The idea of harnessing the power of the sun to supply energy needs has been ongoing for thousands of years. At one point, humanity could do little more than heat water and homes with the awesome power of the sun. 

Today, literal space-age technology converts solar power into direct (and alternating) electrical current. The affordability of these innovations has made its way down from experimental uses to large-scale utility farms to consumer-grade functionality.

But how does solar energy become juice for lightbulbs? Read on to see the science at work.

Elements of Solar Power

The energy captured from sunlight is photons, not heat. Collecting heat from the sun is useful but doesn’t convert to electricity easily. 

Conventional coal and oil power plants burn fuels to create steam and push turbines. To get that kind of heat from the sun directly would be unworkable.

Instead, photons are collected in panels, inverted to usable current, and then pushed into a home or battery. 

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Solar panels utilize the photovoltaic effect, not a thermal effect. Photons absorb into a silicon layer that is treated (typically with phosphorus and boron) to create positive and negative sides.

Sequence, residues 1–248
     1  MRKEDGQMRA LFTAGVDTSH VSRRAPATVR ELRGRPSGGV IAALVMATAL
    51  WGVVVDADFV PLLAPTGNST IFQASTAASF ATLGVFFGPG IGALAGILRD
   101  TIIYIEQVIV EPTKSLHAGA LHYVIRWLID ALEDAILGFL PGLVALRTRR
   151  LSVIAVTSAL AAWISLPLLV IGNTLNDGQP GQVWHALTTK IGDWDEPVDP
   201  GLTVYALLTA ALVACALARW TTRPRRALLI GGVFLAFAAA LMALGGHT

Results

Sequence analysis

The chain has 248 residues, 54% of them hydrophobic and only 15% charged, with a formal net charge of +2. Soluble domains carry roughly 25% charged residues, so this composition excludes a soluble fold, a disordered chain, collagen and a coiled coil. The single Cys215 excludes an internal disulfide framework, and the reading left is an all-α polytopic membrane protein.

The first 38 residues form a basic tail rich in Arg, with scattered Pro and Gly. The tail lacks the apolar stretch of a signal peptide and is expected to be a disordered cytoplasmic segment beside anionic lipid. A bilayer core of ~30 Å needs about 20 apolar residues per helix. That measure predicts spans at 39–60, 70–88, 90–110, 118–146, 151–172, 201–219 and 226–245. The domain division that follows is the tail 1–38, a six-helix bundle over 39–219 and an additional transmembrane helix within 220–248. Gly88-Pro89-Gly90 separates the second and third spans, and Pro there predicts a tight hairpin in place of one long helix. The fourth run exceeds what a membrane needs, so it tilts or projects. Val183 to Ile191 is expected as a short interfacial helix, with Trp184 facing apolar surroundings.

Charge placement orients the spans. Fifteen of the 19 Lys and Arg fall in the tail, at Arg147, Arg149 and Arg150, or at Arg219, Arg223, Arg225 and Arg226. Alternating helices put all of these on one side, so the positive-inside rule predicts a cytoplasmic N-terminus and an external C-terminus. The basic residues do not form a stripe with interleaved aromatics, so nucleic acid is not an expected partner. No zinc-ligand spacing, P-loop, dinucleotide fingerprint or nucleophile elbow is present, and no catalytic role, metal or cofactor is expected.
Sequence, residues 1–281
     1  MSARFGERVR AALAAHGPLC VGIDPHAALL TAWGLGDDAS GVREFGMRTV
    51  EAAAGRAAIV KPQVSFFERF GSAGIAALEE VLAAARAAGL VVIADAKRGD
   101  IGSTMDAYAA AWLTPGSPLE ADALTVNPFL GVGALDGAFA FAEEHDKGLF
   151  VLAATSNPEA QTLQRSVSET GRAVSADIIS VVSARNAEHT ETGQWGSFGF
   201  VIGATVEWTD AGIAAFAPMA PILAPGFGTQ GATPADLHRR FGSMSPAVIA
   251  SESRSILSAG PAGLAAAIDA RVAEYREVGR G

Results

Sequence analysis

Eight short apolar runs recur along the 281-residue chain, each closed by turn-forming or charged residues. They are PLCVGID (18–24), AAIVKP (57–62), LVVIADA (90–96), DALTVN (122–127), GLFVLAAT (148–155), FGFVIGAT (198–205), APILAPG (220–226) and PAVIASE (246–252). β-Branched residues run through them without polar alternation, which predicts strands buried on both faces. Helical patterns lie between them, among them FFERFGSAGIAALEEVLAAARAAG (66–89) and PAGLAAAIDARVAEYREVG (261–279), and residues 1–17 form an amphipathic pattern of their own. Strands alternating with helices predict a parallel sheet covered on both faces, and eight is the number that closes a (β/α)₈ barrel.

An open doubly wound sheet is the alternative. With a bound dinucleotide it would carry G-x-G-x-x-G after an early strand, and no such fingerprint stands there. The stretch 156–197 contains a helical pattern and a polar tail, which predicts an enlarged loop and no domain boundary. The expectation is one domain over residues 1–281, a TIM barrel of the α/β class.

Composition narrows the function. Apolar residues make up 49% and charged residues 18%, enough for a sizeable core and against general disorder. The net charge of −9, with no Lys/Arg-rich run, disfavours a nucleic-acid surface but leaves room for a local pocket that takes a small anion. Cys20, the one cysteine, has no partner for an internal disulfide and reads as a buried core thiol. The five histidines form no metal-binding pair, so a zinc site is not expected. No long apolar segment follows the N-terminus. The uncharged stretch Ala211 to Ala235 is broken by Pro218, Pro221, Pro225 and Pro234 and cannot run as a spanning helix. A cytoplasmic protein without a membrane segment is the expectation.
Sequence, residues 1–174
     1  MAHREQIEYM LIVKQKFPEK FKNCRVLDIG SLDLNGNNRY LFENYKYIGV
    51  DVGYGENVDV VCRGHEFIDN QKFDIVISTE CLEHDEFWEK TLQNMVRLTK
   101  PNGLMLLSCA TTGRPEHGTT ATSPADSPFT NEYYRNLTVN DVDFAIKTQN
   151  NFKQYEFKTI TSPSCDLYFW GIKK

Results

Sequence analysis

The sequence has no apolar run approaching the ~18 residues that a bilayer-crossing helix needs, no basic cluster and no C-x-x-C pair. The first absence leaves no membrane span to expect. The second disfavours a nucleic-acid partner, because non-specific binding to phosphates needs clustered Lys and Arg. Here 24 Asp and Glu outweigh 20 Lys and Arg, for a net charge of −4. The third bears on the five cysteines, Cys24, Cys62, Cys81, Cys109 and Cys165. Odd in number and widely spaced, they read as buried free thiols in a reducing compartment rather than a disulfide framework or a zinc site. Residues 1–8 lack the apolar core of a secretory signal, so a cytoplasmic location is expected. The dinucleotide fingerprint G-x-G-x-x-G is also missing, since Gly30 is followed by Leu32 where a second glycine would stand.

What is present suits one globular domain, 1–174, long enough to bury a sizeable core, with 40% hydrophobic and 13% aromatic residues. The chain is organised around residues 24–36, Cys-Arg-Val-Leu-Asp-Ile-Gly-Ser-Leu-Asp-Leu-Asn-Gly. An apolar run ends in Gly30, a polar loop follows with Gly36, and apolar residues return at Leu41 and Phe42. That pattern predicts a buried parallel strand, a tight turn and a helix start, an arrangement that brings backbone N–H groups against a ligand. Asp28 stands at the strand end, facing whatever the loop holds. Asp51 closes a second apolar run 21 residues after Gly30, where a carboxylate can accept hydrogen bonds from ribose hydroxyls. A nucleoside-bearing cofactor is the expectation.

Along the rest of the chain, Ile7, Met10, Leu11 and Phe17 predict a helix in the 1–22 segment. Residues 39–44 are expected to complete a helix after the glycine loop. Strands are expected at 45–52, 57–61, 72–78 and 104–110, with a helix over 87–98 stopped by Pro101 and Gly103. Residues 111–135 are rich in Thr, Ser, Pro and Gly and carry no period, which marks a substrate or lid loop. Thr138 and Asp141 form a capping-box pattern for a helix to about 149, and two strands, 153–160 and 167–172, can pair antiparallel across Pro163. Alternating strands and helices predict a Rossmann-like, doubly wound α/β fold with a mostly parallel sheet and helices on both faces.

Once the electrons are free it works not unlike a lead-acid battery, the electrons flow from one side and get pushed to the other. This creates a current of electricity that is captured and modulated. 

Current solar panels contain multiple cells that make up a module. Each module produces a particular voltage. Several modules make up an array and several arrays make up a single panel. 


The current produced using solar power energy comes out in the direct current. This isn’t useful for your home and appliances, so it needs to be inverted before it becomes usable.

Inverters also smooth out the flow of the power so that the voltage and amperage are constant. 

Older inverters collected and transferred power from all of the panels. Modern inverts, known as micro-inverters, perform this service on a panel-by-panel basis. This improves efficiency and stabilizes performance from one panel to another.


Once the solar power energy is captured by the panels and converted by the inverters it then goes into your home. 

You don’t always need the power generated, and sometimes you need power at night when there is no sun.

A net meter keeps track of how much power is being generated by the panels and how much the home is using. The power you don’t need gets sold to the grid, acting as a credit against your power draws. 

When you contact a company such as for installing solar panels, they will configure your meter and explain the local rates of kilowatt per hour. 


When available, batteries store excess power for you. Batteries are less efficient than meters, as there is always some power loss in storage. However, if you experience a brown or blackout, a battery keeps your home running. 

More Tech

The specifics of how solar power gets from the sun to your outlet are complex and technical. However, the general flow from one component to the next is straightforward.

To learn more about tech innovations in your world, check back with us. 

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